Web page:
The SNB was successful because it has an unlimited supply of Swiss francs to sell. Once it signalled that it would exercise this option as aggressively as was necessary in order to prevent its currency rising above a named threshold, the euro, franc exchange rates stabilised. And the lesson: market participants know they cannot win against a central bank with unlimited firepower.

For those wondering why the Irish Central Bank was not able to prevent the Irish pound suffering devaluations in the past, it should be recalled that to support a weakening currency you need to buy your own currency. That requires foreign currency. Because central banks have a finite supply of foreign currency, their reserves will be depleted sooner or later if the markets push them far enough. But markets cannot defeat a bank selling the currency it prints for itself.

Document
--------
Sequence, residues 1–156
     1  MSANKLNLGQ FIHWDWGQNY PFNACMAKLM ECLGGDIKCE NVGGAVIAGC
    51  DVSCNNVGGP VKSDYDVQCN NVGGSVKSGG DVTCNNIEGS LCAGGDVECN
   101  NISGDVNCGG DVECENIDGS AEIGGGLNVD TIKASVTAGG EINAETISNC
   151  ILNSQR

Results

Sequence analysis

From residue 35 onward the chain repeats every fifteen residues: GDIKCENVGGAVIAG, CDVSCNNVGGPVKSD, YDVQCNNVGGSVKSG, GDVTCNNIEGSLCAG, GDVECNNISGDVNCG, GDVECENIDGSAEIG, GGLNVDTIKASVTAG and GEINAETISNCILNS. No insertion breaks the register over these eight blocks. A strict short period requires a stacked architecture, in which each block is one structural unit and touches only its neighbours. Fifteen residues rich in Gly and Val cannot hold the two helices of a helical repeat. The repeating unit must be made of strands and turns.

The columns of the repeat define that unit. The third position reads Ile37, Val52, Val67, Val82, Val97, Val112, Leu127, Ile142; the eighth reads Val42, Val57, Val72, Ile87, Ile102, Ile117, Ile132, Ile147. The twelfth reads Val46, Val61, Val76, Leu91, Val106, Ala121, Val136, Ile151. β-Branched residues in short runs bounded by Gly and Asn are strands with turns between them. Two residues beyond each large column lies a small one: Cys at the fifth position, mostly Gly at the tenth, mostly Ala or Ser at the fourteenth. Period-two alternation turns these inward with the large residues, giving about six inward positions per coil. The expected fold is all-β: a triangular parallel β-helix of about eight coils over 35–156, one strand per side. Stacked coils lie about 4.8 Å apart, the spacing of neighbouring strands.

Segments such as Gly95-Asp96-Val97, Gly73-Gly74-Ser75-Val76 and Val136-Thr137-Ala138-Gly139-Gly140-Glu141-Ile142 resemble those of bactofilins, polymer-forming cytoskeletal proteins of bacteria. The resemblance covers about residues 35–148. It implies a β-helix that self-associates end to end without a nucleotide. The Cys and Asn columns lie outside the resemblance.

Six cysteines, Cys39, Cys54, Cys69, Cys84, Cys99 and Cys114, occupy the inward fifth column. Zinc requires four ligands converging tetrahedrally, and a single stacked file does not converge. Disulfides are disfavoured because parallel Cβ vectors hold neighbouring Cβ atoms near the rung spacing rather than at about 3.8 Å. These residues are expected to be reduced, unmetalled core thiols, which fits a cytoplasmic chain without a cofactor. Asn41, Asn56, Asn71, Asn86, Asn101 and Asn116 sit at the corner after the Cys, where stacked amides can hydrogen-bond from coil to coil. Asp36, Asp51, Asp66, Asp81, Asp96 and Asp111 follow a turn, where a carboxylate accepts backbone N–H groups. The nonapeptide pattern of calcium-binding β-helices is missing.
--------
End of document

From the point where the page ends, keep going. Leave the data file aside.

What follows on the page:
The ECB must intervene now in the government bond market with the same determination that its Swiss counterpart has done in the foreign exchange market.

This, of course, does not mean there is a free lunch available. It is intuitive to anyone that, for one branch of government to lend to another, is not a costless means of solving the underlying problem of public overindebtedness. But that is not the purpose.

The purpose of intervention now is to eradicate the panic premium that could push a government as solvent as that of Spain’s into default within weeks.